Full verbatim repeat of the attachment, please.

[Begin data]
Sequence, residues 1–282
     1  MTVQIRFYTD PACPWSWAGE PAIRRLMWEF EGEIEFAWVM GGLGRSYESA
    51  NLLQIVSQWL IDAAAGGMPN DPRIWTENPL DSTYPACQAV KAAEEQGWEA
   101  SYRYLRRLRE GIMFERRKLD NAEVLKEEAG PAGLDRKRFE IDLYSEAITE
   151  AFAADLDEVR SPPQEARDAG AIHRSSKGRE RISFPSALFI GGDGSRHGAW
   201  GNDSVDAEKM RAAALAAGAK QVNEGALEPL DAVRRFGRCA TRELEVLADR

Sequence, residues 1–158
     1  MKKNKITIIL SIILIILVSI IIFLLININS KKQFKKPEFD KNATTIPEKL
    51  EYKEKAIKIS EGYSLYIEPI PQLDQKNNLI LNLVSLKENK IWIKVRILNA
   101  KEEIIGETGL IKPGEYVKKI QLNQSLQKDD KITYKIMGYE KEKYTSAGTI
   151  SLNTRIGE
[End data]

Sequence, residues 1–282
     1  MTVQIRFYTD PACPWSWAGE PAIRRLMWEF EGEIEFAWVM GGLGRSYESA
    51  NLLQIVSQWL IDAAAGGMPN DPRIWTENPL DSTYPACQAV KAAEEQGWEA
   101  SYRYLRRLRE GIMFERRKLD NAEVLKEEAG PAGLDRKRFE IDLYSEAITE
   151  AFAADLDEVR SPPQEARDAG AIHRSSKGRE RISFPSALFI GGDGSRHGAW
   201  GNDSVDAEKM RAAALAAGAK QVNEGALEPL DAVRRFGRCA TRELEVLADR

Sequence, residues 1–158
     1  MKKNKITIIL SIILIILVSI IIFLLININS KKQFKKPEFD KNATTIPEKL
    51  EYKEKAIKIS EGYSLYIEPI PQLDQKNNLI LNLVSLKENK IWIKVRILNA
   101  KEEIIGETGL IKPGEYVKKI QLNQSLQKDD KITYKIMGYE KEKYTSAGTI
   151  SLNTRIGE